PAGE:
Murderer. Thief. Deserter. Polygamist. Innocent?
Manalive begins in a way similar to Dr. Seuss’s The Cat in the Hat, only the tenants of Mrs. Duke’s boarding house have no rainy-day excuse for their inactivity. The day is nearing its completion, and the boarders are divided into male and female, the females languishing inside, the males in the garden, neither group saying or doing much of anything. Into this "dead" setting blows (literally) Innocent Smith, a man so fully alive that those he comes in contact with seem like statues by comparison. (On his arrival at the boarding house, he climbs a tree in pursuit of a hat, and one of the boarders says, "I never even noticed that tree before." This is typical of the experiences to follow.)
After Innocent’s arrival, "there was a crazy sense that it was everybody's birthday." One by one, Innocent’s contagious life revives most of the boarding house’s tenants. He has a picnic on the roof, begins a boarding-house habadashery, and encourages those with musical talent in their concerts. Every latent talent, desire, or interest comes alive in the presence of Innocent Smith, which explains the romantic pairings that soon result. Innocent himself proposes to Mary Grey, one of the boarders.
Innocent’s proposal prompts one of the tenants to suspect that Innocent is insane. She calls Drs. Warner and Pym to investigate. They arrive, notifying the boarders that Innocent Smith is not who he seems to be. They claim to have evidence that Innocent is one of the most dangerous, bloodthirsty criminals in all of England and deserves nothing short of being locked away for life. They charge him with murder, theft, abandonment, and polygamy. The boarders must decide whom to believe: the new arrivals with their evidence or themselves and their own experience. What results is Mrs. Duke’s boarding house’s first court case, with reason mitigating the claims of science and faith.
Manalive is a story of a holy fool, one who seems upside-down, but is really the only one right-side-up. Innocent Smith “breaks the conventions but keeps the commandments,” and for this reason it is easy for those around him to speculate that he is insane (especially those who like their topsy-turvydom). Instead of being insane, Innocent is, well, what his name suggests, and his very exuberance calls into question the deadness around him (much like other characters in his tradition, perhaps most notably the great Man of La Mancha himself).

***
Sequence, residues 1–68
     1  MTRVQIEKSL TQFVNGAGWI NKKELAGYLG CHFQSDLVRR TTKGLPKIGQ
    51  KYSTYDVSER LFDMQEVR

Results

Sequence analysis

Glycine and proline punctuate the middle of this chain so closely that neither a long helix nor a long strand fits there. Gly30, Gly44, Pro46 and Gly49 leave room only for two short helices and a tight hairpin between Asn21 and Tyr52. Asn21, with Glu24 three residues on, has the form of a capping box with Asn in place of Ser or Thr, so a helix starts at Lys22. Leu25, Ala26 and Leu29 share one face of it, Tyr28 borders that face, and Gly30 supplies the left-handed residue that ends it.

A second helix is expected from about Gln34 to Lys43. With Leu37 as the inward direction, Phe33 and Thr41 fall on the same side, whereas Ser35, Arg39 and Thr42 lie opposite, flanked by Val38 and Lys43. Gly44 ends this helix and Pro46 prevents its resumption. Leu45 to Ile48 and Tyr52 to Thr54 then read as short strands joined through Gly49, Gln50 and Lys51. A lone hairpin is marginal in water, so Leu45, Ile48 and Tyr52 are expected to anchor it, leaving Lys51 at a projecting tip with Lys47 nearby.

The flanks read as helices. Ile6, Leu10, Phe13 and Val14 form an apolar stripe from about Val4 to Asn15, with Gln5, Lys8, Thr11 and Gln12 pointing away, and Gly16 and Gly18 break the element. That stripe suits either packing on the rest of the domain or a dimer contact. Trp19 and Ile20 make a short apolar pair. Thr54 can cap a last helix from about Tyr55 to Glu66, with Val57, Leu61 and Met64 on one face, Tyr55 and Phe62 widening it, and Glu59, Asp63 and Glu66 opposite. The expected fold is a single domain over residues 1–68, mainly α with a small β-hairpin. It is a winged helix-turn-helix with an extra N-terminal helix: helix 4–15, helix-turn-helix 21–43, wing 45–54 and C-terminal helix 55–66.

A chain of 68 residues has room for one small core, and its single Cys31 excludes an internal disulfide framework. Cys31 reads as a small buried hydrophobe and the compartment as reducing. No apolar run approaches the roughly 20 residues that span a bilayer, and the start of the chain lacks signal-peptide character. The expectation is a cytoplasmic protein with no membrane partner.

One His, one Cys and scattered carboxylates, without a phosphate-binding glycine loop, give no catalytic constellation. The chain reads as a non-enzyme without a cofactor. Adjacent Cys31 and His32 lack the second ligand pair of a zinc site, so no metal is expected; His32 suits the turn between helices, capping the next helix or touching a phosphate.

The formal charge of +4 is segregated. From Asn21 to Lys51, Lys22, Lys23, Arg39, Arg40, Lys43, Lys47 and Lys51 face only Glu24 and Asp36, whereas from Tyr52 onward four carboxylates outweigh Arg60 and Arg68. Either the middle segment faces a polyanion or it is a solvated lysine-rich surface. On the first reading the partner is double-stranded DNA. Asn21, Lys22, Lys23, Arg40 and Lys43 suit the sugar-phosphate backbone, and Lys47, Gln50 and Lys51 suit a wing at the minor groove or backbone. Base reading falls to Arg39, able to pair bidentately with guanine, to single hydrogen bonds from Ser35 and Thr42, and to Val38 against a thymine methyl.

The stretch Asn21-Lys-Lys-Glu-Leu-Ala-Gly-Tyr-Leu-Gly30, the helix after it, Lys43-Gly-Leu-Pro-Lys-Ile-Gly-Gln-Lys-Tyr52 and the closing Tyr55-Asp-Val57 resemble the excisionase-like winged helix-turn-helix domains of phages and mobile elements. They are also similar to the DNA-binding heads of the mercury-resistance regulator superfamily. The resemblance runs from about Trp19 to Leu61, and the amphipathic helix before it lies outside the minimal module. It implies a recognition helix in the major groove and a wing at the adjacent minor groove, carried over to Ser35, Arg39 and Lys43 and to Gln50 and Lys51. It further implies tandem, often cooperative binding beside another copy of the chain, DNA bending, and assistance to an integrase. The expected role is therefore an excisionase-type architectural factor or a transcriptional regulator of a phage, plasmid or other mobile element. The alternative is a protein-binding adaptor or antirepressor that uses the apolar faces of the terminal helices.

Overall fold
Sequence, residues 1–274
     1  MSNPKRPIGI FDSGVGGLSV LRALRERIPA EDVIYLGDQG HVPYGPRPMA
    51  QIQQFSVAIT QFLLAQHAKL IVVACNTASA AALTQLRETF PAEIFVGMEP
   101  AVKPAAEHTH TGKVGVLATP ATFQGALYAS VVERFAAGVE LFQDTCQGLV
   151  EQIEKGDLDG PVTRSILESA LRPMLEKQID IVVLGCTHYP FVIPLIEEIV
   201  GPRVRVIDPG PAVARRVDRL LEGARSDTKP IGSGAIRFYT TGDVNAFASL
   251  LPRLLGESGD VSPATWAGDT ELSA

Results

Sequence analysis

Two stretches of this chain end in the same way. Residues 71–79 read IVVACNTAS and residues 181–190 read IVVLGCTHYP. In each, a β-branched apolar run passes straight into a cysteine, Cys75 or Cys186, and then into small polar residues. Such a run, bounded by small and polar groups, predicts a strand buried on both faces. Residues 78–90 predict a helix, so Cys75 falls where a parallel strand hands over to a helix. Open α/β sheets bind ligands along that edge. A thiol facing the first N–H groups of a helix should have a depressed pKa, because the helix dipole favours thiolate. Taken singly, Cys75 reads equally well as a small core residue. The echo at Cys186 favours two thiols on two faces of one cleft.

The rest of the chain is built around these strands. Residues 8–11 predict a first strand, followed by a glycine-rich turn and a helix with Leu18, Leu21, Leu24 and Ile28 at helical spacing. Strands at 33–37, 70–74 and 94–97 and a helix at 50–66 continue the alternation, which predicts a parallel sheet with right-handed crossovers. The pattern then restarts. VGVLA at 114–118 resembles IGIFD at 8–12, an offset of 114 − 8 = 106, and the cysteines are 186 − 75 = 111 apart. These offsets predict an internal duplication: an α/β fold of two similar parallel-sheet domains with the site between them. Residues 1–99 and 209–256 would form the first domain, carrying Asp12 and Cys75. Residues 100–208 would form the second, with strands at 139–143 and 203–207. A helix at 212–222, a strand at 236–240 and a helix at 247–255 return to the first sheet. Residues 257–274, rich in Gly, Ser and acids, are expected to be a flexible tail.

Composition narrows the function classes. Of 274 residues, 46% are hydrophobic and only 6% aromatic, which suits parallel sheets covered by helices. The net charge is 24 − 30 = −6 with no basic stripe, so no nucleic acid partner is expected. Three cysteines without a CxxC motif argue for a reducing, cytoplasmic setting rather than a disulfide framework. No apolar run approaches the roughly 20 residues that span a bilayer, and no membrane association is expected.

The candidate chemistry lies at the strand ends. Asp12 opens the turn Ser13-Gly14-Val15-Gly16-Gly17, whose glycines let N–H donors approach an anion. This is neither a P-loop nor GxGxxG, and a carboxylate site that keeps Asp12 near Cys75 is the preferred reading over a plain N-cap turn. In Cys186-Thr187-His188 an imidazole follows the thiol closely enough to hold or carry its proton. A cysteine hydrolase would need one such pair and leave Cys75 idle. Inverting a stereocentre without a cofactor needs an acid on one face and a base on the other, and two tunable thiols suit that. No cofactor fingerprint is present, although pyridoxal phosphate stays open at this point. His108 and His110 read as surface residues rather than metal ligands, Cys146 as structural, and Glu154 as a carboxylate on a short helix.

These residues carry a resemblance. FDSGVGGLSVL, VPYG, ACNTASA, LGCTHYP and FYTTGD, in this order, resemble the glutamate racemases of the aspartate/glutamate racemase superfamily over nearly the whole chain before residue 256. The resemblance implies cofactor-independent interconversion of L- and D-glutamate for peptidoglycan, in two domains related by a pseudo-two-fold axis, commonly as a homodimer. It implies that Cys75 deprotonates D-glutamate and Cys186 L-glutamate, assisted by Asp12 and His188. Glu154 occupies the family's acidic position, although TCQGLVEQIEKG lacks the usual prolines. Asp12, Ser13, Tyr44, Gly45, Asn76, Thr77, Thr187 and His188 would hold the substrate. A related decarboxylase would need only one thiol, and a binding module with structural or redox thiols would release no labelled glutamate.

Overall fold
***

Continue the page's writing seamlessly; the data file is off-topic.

Chesterton does an excellent job, particularly in part one, of creating a character who is fully alive. One of my college professors said it’s very easy to create a villain who steals the show; it is much harder to create a good character with equal force and gravity. Chesterton, I believe, succeeds in this regard in his portrayal of Innocent Smith. Smith not only draws the characters in the book to him, but the reader as well. Perhaps the reason for this is Smith’s root in Chestertonian philosophy, principles, and paradox. Innocent Smith seems an aggregate of Chesterton’s most famous paradoxes, even embodying the novel that Chesterton said in Orthodoxy he should like to write. Thus, Smith exudes the joy and dizzying logic that one comes to expect from Chesterton (more famously displayed in his characters Father Brown and Sunday).
Manalive is at times slow (some scenes in part two dragged on a bit longer than I would have preferred) and at times predictable, but its originality in spite of these criticisms is enough to recommend it. Chesterton has written a truth-telling story that is a joy to read. It provides a reminder of something Chesterton once said: “A dead thing can go with the stream…but only a living thing can go against it.”